The Java camp patted itself on the back yesterday, holding a coming out party for the almost two dozen vendors whose products just won J2EE 1.3 (Java 2 Enterprise Edition) certification. Among the highlights of J2EE 1.3 are new connectivity standards for application, messaging, and XML web services integration.
In between the lines, however, questions emerged on whether the Java Community Process (JCP), which controls standards development, could fragment. So far, the JCP has shown remarkable cohesion, in spite of IBM’s worries that Sun was pulling a few too many strings. And, aside from Microsoft, which withdrew from Java by mutual consent, and some clean room experiments by HP, nobody has successfully engineered a different Java.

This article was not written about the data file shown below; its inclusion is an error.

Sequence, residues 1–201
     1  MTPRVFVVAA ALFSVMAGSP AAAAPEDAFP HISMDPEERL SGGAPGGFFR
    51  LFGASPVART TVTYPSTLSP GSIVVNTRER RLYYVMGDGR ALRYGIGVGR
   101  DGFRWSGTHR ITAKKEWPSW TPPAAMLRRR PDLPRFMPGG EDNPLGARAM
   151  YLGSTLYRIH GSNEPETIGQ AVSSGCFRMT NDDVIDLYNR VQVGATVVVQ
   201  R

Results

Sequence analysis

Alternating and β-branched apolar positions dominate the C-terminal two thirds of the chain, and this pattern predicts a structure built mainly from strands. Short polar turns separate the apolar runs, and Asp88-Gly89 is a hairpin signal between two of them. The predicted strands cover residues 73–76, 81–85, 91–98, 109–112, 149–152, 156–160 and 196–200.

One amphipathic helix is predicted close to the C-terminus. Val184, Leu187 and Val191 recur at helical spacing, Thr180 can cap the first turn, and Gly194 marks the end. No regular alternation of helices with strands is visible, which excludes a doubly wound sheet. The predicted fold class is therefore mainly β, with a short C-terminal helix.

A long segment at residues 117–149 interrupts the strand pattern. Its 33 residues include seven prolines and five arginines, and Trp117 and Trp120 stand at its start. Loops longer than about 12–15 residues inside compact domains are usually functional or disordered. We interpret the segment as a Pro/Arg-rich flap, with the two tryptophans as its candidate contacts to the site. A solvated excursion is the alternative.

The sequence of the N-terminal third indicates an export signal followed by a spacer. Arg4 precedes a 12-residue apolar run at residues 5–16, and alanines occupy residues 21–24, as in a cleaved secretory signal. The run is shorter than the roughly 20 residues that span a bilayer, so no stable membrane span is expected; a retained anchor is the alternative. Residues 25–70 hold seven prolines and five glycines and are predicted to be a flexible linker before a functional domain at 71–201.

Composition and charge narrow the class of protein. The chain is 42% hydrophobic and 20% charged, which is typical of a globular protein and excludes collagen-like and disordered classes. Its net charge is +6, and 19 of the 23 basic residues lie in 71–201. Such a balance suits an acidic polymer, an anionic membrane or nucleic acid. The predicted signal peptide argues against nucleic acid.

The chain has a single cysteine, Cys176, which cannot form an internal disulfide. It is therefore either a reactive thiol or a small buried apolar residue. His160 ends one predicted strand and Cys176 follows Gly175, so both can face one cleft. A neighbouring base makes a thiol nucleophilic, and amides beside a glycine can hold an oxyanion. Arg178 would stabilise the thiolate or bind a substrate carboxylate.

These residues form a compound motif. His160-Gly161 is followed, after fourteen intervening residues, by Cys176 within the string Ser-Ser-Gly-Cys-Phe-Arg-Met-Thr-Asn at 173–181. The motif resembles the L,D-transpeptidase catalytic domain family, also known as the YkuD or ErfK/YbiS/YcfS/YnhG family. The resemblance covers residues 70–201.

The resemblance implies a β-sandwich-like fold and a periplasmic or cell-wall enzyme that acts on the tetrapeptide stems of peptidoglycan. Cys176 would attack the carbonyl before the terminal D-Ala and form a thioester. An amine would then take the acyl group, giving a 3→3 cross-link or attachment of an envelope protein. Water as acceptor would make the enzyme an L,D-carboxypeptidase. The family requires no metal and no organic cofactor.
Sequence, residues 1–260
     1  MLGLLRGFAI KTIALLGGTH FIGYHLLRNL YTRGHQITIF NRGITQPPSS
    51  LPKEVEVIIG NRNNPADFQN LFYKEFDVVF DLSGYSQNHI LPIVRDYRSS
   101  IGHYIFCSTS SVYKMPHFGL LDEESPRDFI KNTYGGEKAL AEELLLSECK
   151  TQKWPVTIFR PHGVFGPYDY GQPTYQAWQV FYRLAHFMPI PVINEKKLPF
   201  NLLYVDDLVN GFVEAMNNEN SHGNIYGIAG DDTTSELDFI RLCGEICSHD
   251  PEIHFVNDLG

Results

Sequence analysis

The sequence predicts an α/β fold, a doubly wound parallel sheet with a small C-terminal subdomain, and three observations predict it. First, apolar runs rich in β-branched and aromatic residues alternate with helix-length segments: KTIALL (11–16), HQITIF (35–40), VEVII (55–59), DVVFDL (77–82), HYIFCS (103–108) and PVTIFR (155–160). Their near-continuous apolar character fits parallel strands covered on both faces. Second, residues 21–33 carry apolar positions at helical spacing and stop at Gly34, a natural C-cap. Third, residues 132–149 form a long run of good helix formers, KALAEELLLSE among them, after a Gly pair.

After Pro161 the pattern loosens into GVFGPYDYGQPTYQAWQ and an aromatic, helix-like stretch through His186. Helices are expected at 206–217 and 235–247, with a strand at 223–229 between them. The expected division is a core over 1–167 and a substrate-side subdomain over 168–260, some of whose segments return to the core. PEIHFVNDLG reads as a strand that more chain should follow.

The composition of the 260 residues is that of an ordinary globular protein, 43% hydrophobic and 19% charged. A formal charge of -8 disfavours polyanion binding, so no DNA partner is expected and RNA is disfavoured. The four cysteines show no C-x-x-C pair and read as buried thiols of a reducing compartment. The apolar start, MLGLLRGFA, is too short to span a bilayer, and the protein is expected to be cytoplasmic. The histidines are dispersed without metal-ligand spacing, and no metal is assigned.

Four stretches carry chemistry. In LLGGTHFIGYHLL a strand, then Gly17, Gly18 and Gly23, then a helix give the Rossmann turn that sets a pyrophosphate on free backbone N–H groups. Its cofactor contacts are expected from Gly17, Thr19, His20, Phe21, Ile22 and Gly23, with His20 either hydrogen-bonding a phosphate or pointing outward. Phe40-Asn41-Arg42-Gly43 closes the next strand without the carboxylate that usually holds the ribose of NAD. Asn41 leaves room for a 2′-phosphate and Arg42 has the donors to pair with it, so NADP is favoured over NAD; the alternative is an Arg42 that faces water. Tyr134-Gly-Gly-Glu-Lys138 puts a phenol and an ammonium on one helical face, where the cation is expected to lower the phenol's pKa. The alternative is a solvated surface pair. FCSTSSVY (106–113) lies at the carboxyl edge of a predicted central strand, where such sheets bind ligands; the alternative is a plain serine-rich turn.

But could the JCP’s broad mission prove too much of a good thing? As long as the JCP limits itself to “plumbing” functions that lack intrinsic value, it’s on safe ground. Messaging extensions make sense, but APIs for business workflows? They’re another question.
Another pitfall: as the agenda grows too broad, it might grow overcautious. For instance, in tackling SOAP (an emerging, simplified messaging protocol for XML web services), the JCP lumped it under an umbrella spec covering all “on-the-wire protocols.” Are we getting as complex answer to a simple problem, and consequently, is that slowing down the standard process?
Some Java community members are already taking the law into their own hands. Last month, IBM and HP announced UDDI4J (UDDI, a web services registry, for Java) to provide a quicker alternative to the proposed official JAXR spec, which would cover registries of all types.
We don’t know how far left-field responses like UDDI4J will go (even IBM’s representative at the J2EE event yesterday hadn’t heard of it), but they should serve as a wake-up call to the JCP to place realistic boundaries on its mission.